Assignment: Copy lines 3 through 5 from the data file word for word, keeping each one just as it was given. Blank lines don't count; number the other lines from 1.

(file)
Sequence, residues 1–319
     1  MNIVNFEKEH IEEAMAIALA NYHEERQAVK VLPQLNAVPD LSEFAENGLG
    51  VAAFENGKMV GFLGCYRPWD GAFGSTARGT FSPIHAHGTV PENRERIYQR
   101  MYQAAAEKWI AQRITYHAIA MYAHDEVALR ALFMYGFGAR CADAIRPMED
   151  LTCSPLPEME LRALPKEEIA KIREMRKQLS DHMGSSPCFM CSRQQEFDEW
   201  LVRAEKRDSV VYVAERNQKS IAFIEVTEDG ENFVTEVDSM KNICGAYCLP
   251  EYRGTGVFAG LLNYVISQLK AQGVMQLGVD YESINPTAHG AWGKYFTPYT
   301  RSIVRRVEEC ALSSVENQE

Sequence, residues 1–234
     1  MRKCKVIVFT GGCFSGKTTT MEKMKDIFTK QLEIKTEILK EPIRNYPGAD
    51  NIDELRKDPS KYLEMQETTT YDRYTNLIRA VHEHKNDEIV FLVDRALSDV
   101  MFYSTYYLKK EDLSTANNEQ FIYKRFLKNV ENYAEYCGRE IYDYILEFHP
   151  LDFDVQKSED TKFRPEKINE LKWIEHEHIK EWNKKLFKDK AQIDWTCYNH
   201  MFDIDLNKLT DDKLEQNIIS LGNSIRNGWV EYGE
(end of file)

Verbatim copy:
    51  VAAFENGKMV GFLGCYRPWD GAFGSTARGT FSPIHAHGTV PENRERIYQR
   101  MYQAAAEKWI AQRITYHAIA MYAHDEVALR ALFMYGFGAR CADAIRPMED
   151  LTCSPLPEME LRALPKEEIA KIREMRKQLS DHMGSSPCFM CSRQQEFDEW